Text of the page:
Unforeseen Doors of Opportunity

I’m sure you’ve heard the expression, “Money’s no object.”
It’s a nice thing to say. But sometimes, we let money, or the lack thereof, get in the way of getting ahead. When I’d started a business writing anthems for sports teams, my partner and I got a meeting with the New York Yankees.
Now, going in, I knew the Yankees were going to be a tough sell—they’re all about tradition and are conservative in their marketing. A rap song for them wasn’t going to fly.
So, when we were in the meeting with the famed franchise’s marketing department, and they weren’t biting, I wasn’t all that surprised, so I didn’t press.
I read the room, and the room was telling me not to go for it.
And as the meeting began to wrap up, everyone was smiling and shaking hands, but we were walking away empty-handed.
On the way out the door, the team’s marketing director, a guy named Derek Schiller, told us that he had the most amazing box seats for sale. He called them “legend seats” and said the team had built them out into the field for the World Series.
In the boxes sat Major League Baseball officials, like the commissioner, and real, high-end sponsors of the Yankees. There were only 16 of them made. And he offered them to us before they went on the market.
“They’re going to be the most valuable piece of real estate in professional sports,” Derek said.
I was 26ish, and although we had had a nice score with the Knicks song, my business hadn’t exactly cracked the Fortune 500 list—I made $37,500 that year.
As I remember, the seats were a thousand a piece, four to the box, or four thousand a game. When you times that by 81 home games in a season, the total cost came to $324,000. Yikes.
There was no way I could say yes...
Later that night, I was alone in my office, and I couldn’t get the seats out of my head. My gut instinct was that they’d always be in demand and that there was no chance we’d lose money.
Obviously, you can’t guarantee that—but I wholeheartedly agreed with him. It was an unbelievable investment opportunity. Derek told us that they’d be available for 24 hours. It felt right—so I picked up the phone and told Derek we’d take the tickets.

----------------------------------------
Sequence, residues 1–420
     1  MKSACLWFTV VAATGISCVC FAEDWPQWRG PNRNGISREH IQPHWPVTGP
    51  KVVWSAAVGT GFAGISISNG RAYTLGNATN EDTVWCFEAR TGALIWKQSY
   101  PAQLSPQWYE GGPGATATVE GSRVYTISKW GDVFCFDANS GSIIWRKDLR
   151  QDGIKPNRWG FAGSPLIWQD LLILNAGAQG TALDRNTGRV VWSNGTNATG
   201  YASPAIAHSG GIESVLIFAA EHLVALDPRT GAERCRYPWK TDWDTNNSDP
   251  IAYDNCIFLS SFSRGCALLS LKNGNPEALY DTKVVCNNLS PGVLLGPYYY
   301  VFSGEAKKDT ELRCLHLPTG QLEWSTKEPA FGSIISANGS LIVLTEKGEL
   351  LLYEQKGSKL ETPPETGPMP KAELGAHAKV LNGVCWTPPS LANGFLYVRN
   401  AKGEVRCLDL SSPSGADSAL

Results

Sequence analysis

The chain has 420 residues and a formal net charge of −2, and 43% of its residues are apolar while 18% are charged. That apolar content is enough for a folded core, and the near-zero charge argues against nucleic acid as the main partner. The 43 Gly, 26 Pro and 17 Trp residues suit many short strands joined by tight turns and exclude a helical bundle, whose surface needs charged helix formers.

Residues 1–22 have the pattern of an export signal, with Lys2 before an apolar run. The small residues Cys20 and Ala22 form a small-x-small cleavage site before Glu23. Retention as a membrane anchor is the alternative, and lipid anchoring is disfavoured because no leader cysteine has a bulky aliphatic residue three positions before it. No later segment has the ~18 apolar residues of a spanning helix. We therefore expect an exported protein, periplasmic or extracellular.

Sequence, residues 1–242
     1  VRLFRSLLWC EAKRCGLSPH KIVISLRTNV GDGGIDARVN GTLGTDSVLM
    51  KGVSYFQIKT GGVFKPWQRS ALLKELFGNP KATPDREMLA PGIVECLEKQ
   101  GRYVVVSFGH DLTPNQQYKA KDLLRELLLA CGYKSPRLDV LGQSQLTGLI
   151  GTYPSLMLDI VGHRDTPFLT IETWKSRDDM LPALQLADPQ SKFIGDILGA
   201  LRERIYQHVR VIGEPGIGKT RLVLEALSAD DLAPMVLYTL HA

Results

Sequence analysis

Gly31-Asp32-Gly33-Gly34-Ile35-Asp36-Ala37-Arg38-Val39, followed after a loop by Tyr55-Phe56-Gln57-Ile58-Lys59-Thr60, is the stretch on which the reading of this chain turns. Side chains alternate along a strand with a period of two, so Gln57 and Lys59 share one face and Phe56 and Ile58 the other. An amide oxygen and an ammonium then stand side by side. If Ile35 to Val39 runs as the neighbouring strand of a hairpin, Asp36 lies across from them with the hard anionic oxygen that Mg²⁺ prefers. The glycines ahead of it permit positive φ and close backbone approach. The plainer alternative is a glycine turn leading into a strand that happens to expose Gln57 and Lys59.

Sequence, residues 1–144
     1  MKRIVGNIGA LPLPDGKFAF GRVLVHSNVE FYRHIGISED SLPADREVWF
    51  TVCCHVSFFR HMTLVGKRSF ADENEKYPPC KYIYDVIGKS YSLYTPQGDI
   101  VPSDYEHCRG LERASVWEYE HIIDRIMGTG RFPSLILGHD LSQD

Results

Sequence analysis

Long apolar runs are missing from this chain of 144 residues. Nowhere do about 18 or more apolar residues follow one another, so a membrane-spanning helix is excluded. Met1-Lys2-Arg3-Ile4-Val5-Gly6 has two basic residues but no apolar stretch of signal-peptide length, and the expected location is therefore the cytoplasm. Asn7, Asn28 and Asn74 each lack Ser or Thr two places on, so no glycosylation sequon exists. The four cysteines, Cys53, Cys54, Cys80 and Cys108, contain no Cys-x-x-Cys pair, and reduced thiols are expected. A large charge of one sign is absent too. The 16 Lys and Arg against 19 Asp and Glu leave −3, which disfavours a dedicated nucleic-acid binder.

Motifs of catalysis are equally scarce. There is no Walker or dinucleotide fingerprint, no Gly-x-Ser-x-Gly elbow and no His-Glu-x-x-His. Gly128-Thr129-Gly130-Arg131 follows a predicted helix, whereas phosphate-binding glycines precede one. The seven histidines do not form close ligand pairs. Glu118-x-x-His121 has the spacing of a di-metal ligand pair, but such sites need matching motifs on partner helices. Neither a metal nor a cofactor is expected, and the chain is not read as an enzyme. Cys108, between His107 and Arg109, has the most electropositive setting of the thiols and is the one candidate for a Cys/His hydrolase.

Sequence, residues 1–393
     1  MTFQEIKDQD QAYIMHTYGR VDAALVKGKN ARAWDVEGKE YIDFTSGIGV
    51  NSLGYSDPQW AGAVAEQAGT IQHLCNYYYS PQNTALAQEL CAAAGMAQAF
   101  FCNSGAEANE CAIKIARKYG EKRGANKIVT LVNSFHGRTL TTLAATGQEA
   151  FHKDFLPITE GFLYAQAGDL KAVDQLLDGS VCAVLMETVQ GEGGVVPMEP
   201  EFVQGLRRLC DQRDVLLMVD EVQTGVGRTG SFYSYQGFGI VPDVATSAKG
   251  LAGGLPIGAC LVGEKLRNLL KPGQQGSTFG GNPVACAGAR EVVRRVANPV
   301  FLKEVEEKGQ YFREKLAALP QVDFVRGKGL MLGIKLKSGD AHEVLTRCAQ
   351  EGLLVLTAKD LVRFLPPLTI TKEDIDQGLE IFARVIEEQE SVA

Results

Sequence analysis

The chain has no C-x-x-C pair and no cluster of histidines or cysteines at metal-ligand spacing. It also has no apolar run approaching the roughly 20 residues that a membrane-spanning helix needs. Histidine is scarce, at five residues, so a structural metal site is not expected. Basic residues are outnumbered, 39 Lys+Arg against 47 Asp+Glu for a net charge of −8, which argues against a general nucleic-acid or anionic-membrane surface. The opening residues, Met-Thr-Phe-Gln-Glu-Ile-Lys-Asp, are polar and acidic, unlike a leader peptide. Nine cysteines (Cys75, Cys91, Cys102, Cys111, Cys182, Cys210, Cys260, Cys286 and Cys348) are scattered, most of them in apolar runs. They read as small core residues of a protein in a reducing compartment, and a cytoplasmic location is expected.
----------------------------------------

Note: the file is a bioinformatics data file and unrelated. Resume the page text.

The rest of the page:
I then left a note for my partner explaining what I did.
“We’ll figure it out,” I wrote.
And we did figure it out. We borrowed money from a friend who went in on the seats with us.
In the second season, I split them with Jay Z.
I had the seats for ten years, and they paid for themselves a hundred times over.
We brought customers, prospective clients, family, and friends and saw some of the greatest baseball played from the best seats in the house.
Just the feeling of walking down to them was worth the price of admission. We’d walk past the Goldman Sachs box, the Citibank box, and boxes adorned with the names of the biggest law firms in Manhattan to get to ours.
Sure, I didn’t get hired to write a song for the Yankees but I left with an asset that infinitely changed the scope of my business. I’d say that’s a success.
And I’m not telling anyone to over-leverage themselves or to put themselves in debt, but opportunities come at us every day, and if we let the cost always keep us from taking them, we might be cheating ourselves out of an experience much richer than the price tag.
Perceived failure or financial barriers need not stifle growth or success; instead, they can open unforeseen doors leading to greater triumphs.
Intuition, adaptability, and a willingness to take risks can open doors we don’t even know exist.
Challenge yourself to look beyond immediate obstacles and apprehensions and embrace opportunities that resonate with our instincts, knowing that what seems like a setback might actually be a pathway to something richer and more fulfilling.
Whether it's business acumen or life in general, the essence lies in trusting ourselves and not allowing the fear of failure or financial constraints to deter us from pursuing experiences that might be transformative.